Confusion in species names not only impacts our understanding of how a species is faring under a range of anthropogenic threats, but also hampers conservation efforts for sustaining future populations in the wild. Such has been the case for the hump-backed mahseer, which after 145 years of first being publicised, has finally achieved clarity in terms of its scientific nomenclature. A recent study, led by Adrian Pinder from Bournemouth University, UK, used multiple lines of enquiry to resolve the taxonomy of this iconic fish.
Mahseers, commonly referred to as “tigers of the water”, are large fish endemic to freshwater habitats in continental Asia. As a genus which can attain large sizes, these fish have been popular targets for recreational angling. However, variation in size and body coloration in these fish has resulted in taxonomic confusion.
The hump-backed mahseer, native to south India, is a prized catch and has iconic status with anglers across the globe. However, the species had existed without a proper scientific identity since it was first mentioned under its common name in a 1873book about sport fishing in India. “This was perhaps because it was never recognized as being different and consequently there was no formal scientific description,” says Pinder, who is also the Director of Research at Mahseer Trust.
Pinder and colleagues carried out systematic body size measurements and molecular analysis for a range of mahseer specimens (Genus Tor). The authors included specimens from museum repositories and live fish samples of four different mahseer species: Tor khudree, Tor malabaricus, Tor remadevii and Tor putitora. They also sieved through historical photographs to decipher similarities in body size and colouration of the hump-backed mahseer with other mahseer species.
The researchers found that the hump-backed mahseer showed morphological and taxonomic characteristics similar to Tor remadevii, a species first described in 2007. Genetic studies, phylogenetic analyses and morphometric measurements confirmed these results. “Thus concluding that the giant hump-back is the same as T. remadevii,” says Pinder.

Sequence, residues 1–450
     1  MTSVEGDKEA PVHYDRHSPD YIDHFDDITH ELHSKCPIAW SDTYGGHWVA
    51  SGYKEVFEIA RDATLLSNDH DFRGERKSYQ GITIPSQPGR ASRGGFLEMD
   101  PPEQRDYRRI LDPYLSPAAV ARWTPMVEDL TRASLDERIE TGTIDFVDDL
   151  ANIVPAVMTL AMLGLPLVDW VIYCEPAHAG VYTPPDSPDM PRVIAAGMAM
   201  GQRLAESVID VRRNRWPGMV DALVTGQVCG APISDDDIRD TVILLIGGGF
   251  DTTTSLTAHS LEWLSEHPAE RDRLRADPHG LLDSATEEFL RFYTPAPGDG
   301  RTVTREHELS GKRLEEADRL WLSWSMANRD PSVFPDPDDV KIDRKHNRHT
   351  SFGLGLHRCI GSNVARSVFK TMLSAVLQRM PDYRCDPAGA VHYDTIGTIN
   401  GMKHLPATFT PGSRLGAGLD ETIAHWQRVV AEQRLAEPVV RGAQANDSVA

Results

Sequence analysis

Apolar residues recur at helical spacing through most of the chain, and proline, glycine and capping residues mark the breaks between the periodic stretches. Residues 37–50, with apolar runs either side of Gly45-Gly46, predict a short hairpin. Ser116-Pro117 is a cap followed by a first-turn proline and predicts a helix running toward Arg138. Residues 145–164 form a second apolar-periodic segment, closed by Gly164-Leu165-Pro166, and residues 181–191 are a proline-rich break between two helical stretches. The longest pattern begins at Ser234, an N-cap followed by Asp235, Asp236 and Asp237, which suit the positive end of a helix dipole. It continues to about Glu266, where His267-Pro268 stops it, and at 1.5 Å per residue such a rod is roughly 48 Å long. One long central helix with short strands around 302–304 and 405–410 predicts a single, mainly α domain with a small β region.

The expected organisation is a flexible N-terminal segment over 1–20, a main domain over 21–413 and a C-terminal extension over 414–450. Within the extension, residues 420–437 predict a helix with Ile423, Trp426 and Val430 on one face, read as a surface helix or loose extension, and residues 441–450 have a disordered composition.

This is good news for conservation efforts directed towards protecting this iconic fish. “The hump-backed mahseer now having a valid scientific name means it can be Red Listed,” says Pinder. Tor remadevii is endemic to India, with a restricted distribution within the Western Ghats (Cauvery basin). In recent times, this habitat has been threatened by anthropogenic activities such as destructive fishing.
“Our recent interviews with local fishers suggest that the population of larger fish has drastically reduced in recent years,” says Pinder. The authors are already in the process of enlisting the species as Critically Endangered, which would be vital to conserve critical habitats and the existing populations.
“Unfortunately, there is dearth of a clear database on the status of several megafaunal fish species in tropical river systems, especially for countries like India, where studies on freshwater systems and their fauna are already sparse,” says Anuradha Bhat, Indian Institute of Science Education and Research (IISER), Kolkata, a freshwater ecologist who was not associated with this study. “The recent work by Pinder et al. is a much needed and timely study on a critically endangered group of fishes.”
Now that the hump-backed mahseer finally has a scientific identity, it is anticipated there will be earnest efforts to conserve and secure the future of its remaining populations in the Cauvery basin.
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